When the energy (horsepower) being transferred from the apparatus engine to the pump is not being used to move water (low or no flow), the energy will be absorbed by the water and transferred into heat. A single-stage centrifugal pump, when operated at 200 pounds per square inch deadheaded without fresh water replacement, can heat up the water at a rate of 36°F per minute. It does not take long for water to heat to a point that can injure firefighters performing hose testing if they are exposed to this overheated water.
Real-Life Pump Damage Risk
When I worked in the Waterous service department, I received a small box of brass pieces from a fire department. The pieces were from the impeller of a fire pump. The department had used its pump for two high-pressure low-flow situations. The first was to test hose, and the second to clean off the apron at their station.
High-pressure low-flow use can severely damage your pump. For a centrifugal pump to increase its discharge pressure, more pump (engine) speed is required. The faster the pump spins the more flow it wants to produce. When the flow of water discharging from the impeller is restricted (as when hose testing), the water recirculates within the pump volute. This is known as discharge recirculation or discharge cavitation. The jackhammering effect of cavitation can cause physical damage to the impeller exit way and the discharge side of the volute (pump body).
Excessive heat can also be detrimental to the fire pump. Packings/mechanical seals can be damaged or worn prematurely when exposed to high temperatures. In severe cases, the entire pump may seize up when overheated. For these reasons, centrifugal fire pumps should never be run at full shut-off (zero flow). Some water should be circulating through the pump at all times to keep it cool.
Hose Testing Machines Are the Answer
The best way to pressure test hose and couplings is to use a hose testing machine. These devices produce the necessary high pressure without producing much water flow. The risks produced by using a high-horsepower pump are eliminated. If you find that the test machine takes too long to fill the test hoses, prefill your hose using the apparatus at low pressure and flow before coupling them to the machine.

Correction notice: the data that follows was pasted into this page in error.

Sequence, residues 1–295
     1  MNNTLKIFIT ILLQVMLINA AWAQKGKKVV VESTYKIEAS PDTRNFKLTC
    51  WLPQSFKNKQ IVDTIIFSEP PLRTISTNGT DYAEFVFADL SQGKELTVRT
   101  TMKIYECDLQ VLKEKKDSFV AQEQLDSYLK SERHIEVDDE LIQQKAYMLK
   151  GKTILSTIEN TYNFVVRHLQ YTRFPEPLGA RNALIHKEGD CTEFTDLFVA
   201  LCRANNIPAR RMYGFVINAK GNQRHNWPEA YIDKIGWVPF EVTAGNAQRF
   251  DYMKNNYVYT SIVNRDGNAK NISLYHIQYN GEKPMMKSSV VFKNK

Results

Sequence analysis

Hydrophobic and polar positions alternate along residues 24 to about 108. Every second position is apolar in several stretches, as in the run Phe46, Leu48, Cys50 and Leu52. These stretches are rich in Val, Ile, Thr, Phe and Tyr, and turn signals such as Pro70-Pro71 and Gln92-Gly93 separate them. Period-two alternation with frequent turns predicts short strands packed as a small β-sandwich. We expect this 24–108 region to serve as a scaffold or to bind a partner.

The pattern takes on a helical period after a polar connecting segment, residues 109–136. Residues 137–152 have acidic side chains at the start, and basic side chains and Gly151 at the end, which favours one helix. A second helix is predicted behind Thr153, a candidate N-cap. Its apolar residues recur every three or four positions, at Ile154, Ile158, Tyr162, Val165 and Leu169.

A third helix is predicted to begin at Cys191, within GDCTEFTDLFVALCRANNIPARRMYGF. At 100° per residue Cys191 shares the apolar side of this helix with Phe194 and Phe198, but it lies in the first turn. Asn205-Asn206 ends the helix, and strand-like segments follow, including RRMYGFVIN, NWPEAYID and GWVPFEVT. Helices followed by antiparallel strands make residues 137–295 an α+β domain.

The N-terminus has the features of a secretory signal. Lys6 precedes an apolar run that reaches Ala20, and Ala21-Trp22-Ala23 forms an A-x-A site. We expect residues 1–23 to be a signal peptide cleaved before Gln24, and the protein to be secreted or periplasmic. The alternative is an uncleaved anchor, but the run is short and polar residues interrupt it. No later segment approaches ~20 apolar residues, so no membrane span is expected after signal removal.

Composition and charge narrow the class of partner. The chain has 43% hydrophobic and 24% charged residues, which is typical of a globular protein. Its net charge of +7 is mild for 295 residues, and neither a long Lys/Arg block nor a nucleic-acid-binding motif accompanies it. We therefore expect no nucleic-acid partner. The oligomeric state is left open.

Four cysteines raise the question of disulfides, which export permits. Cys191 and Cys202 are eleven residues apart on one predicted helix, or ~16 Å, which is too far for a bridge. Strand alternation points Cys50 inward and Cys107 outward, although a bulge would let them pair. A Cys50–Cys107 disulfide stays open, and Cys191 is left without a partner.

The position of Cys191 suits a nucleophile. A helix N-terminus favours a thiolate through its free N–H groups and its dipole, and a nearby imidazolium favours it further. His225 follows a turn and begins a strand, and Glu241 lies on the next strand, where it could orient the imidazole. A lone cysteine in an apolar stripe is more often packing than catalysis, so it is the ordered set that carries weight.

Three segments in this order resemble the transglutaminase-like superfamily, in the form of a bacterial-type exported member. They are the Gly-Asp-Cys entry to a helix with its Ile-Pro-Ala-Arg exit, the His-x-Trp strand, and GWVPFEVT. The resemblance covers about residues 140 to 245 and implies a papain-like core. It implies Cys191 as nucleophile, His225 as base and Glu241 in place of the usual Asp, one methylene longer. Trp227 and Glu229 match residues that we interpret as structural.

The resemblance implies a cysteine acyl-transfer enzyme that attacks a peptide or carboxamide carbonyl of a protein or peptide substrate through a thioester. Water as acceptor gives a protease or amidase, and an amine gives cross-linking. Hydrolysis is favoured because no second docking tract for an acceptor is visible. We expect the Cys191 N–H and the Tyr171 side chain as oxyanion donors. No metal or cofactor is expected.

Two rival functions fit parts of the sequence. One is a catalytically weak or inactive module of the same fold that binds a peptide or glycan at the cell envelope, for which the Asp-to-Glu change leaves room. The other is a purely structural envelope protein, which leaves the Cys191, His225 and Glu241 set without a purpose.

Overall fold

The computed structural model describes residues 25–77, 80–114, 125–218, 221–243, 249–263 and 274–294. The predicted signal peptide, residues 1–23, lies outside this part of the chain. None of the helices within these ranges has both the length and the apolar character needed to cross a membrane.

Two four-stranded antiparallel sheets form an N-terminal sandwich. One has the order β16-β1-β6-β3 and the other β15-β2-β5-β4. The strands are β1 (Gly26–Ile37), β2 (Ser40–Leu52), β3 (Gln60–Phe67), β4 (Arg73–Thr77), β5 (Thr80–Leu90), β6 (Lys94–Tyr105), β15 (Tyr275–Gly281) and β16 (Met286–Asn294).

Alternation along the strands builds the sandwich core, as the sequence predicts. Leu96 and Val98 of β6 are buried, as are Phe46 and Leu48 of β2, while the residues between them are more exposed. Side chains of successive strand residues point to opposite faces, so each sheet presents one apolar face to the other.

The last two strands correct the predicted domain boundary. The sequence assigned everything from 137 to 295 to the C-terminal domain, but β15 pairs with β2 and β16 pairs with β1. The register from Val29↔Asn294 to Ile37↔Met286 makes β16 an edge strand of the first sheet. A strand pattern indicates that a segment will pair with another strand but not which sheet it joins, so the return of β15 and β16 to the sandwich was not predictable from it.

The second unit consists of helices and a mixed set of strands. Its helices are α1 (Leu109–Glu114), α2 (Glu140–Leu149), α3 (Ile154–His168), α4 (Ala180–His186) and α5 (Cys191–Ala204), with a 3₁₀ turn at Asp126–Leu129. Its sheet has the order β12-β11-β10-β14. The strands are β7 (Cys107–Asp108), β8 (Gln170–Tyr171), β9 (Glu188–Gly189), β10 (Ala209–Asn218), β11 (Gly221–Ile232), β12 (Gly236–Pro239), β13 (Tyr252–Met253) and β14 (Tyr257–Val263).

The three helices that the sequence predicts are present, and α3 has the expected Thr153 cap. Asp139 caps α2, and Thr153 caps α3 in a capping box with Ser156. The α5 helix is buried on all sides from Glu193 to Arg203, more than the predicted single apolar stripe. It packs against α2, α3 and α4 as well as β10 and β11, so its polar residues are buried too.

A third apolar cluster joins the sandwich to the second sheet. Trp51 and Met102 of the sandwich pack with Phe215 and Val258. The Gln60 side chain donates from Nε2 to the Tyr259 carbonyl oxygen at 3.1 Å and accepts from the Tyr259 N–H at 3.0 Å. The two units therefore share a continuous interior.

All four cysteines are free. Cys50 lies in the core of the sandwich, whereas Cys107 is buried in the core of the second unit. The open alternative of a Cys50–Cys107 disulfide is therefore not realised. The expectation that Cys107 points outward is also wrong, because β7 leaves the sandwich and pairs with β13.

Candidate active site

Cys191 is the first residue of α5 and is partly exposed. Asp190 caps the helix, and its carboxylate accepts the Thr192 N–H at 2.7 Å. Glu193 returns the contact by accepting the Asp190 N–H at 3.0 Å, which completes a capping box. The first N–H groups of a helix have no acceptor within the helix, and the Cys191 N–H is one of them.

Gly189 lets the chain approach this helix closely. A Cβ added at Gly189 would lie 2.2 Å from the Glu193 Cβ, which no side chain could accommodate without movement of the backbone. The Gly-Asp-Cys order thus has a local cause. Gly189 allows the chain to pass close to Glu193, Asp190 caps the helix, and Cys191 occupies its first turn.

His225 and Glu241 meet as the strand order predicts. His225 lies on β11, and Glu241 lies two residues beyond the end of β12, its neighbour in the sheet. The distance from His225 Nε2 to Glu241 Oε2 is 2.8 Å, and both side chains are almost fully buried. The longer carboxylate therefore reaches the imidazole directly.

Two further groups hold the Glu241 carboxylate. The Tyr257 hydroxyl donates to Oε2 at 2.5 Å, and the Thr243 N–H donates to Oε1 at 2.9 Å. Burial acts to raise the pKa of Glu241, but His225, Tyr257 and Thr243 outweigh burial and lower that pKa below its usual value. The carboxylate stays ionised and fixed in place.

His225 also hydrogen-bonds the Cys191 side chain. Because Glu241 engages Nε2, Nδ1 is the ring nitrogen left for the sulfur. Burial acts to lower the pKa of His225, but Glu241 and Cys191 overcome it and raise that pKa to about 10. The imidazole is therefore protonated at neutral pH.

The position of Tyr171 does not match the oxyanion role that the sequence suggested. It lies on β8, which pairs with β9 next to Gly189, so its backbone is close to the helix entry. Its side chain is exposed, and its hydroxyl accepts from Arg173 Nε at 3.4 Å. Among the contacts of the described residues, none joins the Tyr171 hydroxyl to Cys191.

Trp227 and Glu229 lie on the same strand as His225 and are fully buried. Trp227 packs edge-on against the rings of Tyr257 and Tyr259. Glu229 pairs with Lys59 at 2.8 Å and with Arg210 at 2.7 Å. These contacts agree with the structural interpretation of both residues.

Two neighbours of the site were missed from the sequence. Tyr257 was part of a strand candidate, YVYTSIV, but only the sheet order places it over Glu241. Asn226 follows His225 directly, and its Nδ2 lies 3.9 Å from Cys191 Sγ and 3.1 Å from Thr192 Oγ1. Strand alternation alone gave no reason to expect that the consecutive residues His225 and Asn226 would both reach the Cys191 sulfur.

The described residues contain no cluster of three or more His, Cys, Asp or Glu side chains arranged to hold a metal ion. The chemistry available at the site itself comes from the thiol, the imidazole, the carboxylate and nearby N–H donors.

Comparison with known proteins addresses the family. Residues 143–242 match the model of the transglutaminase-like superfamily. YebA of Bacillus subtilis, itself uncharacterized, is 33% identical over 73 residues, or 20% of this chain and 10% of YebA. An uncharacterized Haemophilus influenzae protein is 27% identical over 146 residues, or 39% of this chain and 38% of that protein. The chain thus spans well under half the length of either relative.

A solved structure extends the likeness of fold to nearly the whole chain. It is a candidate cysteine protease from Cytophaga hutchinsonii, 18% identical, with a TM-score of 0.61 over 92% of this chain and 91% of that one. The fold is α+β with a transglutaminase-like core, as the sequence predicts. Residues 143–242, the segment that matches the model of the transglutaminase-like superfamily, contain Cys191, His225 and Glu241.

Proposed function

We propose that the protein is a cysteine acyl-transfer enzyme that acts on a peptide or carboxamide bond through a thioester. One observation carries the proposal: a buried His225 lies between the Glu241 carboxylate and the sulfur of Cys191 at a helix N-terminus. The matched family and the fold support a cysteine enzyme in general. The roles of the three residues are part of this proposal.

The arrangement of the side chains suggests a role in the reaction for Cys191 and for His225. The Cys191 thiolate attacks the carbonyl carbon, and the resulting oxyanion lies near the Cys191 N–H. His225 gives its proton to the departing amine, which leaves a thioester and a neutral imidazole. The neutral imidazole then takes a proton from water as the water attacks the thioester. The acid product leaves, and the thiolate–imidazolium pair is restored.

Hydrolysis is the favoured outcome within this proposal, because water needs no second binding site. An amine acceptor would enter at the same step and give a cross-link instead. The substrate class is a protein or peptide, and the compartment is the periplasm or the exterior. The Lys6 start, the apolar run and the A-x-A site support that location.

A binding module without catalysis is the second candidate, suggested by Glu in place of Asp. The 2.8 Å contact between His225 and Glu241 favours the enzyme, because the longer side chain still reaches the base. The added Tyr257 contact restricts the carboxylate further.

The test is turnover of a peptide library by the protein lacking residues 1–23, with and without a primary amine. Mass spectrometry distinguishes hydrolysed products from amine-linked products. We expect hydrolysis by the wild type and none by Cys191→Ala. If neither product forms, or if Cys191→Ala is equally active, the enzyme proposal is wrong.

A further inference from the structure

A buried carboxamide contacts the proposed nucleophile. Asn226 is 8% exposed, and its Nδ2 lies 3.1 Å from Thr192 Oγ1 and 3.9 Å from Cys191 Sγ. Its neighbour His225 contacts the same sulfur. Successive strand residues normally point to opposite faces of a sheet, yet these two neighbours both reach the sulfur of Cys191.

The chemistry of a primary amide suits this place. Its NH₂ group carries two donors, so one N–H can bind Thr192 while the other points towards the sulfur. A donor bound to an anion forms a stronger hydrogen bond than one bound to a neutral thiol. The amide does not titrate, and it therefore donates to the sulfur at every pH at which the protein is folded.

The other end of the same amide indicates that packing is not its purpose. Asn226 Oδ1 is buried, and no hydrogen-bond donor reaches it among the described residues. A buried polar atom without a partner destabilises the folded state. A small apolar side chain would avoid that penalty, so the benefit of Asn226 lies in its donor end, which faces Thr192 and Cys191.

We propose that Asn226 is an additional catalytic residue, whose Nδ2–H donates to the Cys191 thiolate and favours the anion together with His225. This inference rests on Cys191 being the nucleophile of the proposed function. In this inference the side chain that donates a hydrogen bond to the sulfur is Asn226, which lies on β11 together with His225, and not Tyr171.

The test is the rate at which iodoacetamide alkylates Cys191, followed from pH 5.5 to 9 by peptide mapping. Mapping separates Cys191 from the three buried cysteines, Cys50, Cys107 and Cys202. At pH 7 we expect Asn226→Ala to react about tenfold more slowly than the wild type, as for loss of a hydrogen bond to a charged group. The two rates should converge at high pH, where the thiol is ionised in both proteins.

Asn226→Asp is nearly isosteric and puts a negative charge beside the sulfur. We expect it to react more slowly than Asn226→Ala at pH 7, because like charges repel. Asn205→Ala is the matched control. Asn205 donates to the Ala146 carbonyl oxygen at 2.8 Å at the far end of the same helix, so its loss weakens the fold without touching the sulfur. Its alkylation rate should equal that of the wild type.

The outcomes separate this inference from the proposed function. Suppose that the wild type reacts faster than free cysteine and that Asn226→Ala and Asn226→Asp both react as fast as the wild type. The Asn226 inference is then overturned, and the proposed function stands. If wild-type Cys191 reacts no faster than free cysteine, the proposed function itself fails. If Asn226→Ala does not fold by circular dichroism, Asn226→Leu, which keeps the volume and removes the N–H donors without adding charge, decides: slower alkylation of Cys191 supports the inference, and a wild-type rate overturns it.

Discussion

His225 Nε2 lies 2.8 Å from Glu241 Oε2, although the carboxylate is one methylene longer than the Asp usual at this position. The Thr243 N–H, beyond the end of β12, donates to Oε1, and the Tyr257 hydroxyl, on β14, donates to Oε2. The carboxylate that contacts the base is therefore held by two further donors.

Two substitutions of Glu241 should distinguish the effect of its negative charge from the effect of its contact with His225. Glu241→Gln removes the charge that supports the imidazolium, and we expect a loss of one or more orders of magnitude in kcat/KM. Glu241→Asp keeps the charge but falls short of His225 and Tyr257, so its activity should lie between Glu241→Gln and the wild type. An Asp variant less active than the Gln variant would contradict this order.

Hose Test Services
I am currently on a fire department that started using a hose testing machine quite a few years ago. We found that testing hose is a time-consuming activity for a paid-per-call department, and it cut into our training time. Five years ago, we started hiring an outside testing company that came in and tested all of our hose within a couple of days. Using a hose test agency is a good way to stay current with your annual hose testing and avoid the risks to personnel and equipment.
Keep it Safe
FAMA members care deeply about firefighter safety, and we never want one of our apparatus involved in an incident where someone is injured. We also want your apparatus working in prime condition so it is always ready to respond. This is why our safety manual points out the risks of using your fire apparatus for hose testing and why we urge the fire service to avoid using apparatus for hose, coupling, and nozzle testing.
FAMA is committed to the manufacture and sale of safe, efficient emergency response vehicles and equipment. FAMA urges fire departments to evaluate the full range of safety features offered by its member companies.